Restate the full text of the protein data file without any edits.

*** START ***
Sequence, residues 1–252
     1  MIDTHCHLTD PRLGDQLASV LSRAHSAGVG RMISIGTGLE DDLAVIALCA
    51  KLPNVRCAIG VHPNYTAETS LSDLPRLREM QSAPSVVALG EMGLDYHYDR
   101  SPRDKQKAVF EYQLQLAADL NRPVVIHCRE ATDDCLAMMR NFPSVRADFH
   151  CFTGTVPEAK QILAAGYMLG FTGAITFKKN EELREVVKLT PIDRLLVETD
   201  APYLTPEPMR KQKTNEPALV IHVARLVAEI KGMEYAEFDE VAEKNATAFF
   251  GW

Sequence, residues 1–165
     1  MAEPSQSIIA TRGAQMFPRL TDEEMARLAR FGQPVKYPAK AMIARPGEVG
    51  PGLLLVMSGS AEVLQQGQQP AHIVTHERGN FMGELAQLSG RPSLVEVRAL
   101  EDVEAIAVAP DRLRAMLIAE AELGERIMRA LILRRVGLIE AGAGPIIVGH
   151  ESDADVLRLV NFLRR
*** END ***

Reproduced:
Sequence, residues 1–252
     1  MIDTHCHLTD PRLGDQLASV LSRAHSAGVG RMISIGTGLE DDLAVIALCA
    51  KLPNVRCAIG VHPNYTAETS LSDLPRLREM QSAPSVVALG EMGLDYHYDR
   101  SPRDKQKAVF EYQLQLAADL NRPVVIHCRE ATDDCLAMMR NFPSVRADFH
   151  CFTGTVPEAK QILAAGYMLG FTGAITFKKN EELREVVKLT PIDRLLVETD
   201  APYLTPEPMR KQKTNEPALV IHVARLVAEI KGMEYAEFDE VAEKNATAFF
   251  GW

Sequence, residues 1–165
     1  MAEPSQSIIA TRGAQMFPRL TDEEMARLAR FGQPVKYPAK AMIARPGEVG
    51  PGLLLVMSGS AEVLQQGQQP AHIVTHERGN FMGELAQLSG RPSLVEVRAL
   101  EDVEAIAVAP DRLRAMLIAE AELGERIMRA LILRRVGLIE AGAGPIIVGH
   151  ESDADVLRLV NFLRR